Teenage girl in Oregon hospitalized with bubonic plague

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Oregon Teen Diagnosed With Bubonic Plague After Hunting Trip

(Reuters) - A teenage girl in Oregon has tested positive for bubonic plague, state health officials said on Thursday.

The girl was believed to have been infected by a flea bite during a hunting trip earlier this month, according to the Oregon Health Authority's Public Health Division and the Crook County Public Health Department.

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The teen was in an intensive care unit at a hospital in Bend, in central Oregon, health officials said. Her condition was not known.

There were no other known infections in the state from the centuries-old scourge, health officials said.

"Many people think of the plague as a disease of the past, but it's still very much present in our environment, particularly among wildlife," said Emilio DeBess, Oregon state public health veterinarian in the Public Health Division.

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"Fortunately, plague remains a rare disease, but people need to take appropriate precautions with wildlife and their pets to keep it that way," he said.

The U.S. Centers for Disease Control and Prevention said the plague was introduced to the United States in 1900 by rat-infested steamships that had sailed from affected areas, mostly in Asia.

In recent years, less than 10 human plague cases have been reported in the U.S. each year, the agency said.

Early symptoms of plague include high fever, chills, nausea, weakness and swollen lymph nodes in the neck, armpit or groin.

See findings and depictions of the bubonic plague through history:

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Bubonic plague through history
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Teenage girl in Oregon hospitalized with bubonic plague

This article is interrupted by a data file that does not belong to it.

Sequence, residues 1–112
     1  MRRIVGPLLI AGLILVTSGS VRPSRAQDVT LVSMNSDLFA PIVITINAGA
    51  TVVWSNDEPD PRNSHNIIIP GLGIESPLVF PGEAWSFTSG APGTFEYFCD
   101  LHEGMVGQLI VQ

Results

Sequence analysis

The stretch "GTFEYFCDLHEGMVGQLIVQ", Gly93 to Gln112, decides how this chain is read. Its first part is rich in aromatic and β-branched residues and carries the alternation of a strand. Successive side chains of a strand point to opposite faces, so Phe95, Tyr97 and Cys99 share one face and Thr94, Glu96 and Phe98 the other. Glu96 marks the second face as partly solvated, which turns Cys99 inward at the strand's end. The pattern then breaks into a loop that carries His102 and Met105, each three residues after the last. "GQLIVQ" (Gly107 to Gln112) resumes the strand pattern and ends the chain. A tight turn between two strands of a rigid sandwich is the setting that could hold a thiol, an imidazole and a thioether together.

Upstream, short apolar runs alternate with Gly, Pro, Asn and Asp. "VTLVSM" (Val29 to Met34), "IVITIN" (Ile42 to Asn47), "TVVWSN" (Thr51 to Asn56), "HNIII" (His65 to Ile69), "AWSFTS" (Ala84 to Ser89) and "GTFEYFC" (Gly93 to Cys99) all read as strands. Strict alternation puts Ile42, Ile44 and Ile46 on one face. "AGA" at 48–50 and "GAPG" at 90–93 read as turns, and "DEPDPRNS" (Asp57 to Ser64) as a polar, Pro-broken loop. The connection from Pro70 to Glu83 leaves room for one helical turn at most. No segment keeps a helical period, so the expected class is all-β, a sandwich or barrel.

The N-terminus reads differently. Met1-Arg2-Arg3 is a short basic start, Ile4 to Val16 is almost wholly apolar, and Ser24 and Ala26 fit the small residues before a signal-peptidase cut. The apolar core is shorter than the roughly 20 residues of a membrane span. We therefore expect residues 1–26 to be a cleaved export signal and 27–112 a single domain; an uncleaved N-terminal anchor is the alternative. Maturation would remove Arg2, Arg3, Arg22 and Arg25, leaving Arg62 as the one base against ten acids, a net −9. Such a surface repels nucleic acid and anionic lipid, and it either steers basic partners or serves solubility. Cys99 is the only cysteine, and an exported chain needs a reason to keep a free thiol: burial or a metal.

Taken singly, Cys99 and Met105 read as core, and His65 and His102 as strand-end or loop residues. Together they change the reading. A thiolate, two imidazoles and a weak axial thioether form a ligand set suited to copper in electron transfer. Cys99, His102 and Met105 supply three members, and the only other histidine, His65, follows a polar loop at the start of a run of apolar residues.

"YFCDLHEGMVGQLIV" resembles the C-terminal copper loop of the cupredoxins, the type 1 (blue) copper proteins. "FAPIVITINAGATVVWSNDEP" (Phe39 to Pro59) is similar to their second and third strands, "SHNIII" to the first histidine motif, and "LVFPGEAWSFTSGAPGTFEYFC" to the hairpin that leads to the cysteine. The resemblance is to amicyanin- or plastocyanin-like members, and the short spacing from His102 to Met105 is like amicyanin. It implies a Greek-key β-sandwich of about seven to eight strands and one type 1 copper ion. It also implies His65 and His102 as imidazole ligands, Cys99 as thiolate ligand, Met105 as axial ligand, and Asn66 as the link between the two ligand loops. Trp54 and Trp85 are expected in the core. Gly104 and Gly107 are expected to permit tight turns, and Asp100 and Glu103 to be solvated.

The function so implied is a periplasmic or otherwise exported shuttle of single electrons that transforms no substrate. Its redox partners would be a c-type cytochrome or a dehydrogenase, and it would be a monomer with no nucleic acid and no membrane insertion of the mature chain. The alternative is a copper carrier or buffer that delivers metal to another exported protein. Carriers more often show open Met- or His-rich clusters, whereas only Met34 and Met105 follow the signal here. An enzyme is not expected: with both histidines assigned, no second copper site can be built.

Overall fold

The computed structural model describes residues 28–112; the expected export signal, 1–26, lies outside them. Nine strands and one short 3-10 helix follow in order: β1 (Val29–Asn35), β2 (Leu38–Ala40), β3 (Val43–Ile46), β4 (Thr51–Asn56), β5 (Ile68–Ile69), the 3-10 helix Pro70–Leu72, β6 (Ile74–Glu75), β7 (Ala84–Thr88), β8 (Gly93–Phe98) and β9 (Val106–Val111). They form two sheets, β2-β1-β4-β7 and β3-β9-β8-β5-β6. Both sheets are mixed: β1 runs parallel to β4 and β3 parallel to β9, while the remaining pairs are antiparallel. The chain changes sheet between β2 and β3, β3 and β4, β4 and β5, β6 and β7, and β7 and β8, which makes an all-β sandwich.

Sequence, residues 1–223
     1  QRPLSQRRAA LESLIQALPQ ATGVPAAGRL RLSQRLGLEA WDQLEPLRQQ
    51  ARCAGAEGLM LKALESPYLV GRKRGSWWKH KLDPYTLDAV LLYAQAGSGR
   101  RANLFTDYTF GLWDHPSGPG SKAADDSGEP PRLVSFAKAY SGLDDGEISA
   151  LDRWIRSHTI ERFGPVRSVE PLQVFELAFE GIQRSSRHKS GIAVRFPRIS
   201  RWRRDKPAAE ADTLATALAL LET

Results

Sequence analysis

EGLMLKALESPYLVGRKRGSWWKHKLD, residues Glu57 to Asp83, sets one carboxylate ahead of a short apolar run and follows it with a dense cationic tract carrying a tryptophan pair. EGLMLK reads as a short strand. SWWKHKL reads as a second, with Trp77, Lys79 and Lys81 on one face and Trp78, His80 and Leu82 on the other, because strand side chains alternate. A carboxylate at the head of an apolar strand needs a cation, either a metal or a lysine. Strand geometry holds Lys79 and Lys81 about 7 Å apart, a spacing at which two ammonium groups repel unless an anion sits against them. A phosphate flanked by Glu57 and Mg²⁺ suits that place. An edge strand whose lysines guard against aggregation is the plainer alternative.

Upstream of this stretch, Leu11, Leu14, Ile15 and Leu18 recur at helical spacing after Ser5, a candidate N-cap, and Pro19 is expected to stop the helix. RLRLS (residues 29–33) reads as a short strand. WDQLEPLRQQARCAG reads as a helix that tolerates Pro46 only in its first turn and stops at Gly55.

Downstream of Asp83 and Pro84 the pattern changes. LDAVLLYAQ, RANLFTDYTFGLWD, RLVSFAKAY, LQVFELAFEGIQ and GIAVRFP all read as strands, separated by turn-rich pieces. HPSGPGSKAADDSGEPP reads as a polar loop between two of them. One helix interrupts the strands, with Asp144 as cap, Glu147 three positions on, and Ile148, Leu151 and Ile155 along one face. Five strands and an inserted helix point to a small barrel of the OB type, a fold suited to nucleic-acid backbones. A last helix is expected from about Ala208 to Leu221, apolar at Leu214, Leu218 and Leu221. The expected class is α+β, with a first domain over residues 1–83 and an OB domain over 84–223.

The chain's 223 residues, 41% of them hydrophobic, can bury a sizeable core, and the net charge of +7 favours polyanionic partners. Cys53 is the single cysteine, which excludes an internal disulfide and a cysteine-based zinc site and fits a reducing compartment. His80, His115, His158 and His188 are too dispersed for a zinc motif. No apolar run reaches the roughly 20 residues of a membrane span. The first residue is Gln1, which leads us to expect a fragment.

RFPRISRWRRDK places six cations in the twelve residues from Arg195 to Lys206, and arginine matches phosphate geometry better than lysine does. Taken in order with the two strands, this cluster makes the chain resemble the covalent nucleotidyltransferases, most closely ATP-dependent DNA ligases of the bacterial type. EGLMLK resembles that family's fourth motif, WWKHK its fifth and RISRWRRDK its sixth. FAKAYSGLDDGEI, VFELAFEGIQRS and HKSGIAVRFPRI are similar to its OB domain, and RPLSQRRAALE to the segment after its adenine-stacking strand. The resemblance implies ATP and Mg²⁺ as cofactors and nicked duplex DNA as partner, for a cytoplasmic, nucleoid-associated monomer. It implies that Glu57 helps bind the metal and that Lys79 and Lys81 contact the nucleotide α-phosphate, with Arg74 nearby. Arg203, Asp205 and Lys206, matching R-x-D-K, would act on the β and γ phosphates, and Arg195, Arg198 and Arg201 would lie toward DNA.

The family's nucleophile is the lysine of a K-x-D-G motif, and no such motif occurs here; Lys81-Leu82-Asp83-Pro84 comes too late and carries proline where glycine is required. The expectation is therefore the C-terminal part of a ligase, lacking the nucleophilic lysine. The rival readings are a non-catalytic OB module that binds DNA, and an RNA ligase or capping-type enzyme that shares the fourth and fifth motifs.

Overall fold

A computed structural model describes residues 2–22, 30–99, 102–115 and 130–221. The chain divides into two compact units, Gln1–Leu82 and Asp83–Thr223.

Yersinia Pestis Bacteria Causes Bubonic Plague In Animals And Humans And Usually Is Transmitted By The Bite Of Infected Rat Fleas. Illustration Based On Light Microscope Image At 1000X. (Photo By BSIP/UIG Via Getty Images)
UNSPECIFIED - CIRCA 2003: Yersinia pestis (formerly Pasteurella pestis), the bubonic plague bacterium, seen under a microscope. (Photo by DeAgostini/Getty Images)
UNITED KINGDOM - APRIL 12: This European amulet, which features a representation of the Virgin Mary on the obverse, would have been worn as protection against catching the plague. The plague is caused by infection with Yersinia Pestis, carried by fleas that infest rodents which then bite humans. The plague is thought to have originated from the Eastern provinces of China, and travelled along the well established Silk Road through the Middle East and the Eastern Mediterranean, before reaching southern Italy in 1347 and the rest of Europe soon after. Also known as the bubonic plague and the Black Death, it killed one third of the population of Europe. Outbreaks of the plague continued to occur in Europe until the 17th century. (Photo by SSPL/Getty Images)
UNITED KINGDOM - JANUARY 21: This pomander, with a rat engraved on its side, contains six compartments and has a chain for suspension. It was probably carried as a protector against the plague. Pomanders were popular in Medieval times. They contained sweet-smelling herbs and spices and were believed to ward off infections carried by foul-smelling air. Regular outbreaks of bubonic plague, a disease transmitted from rats to people by fleas, occurred in Medieval times and continued until the 17th century. The most notable plague outbreak was the Black Death of the 14th century, which originated in China, and is estimated to have killed a third of the population of Europe. (Photo by SSPL/Getty Images)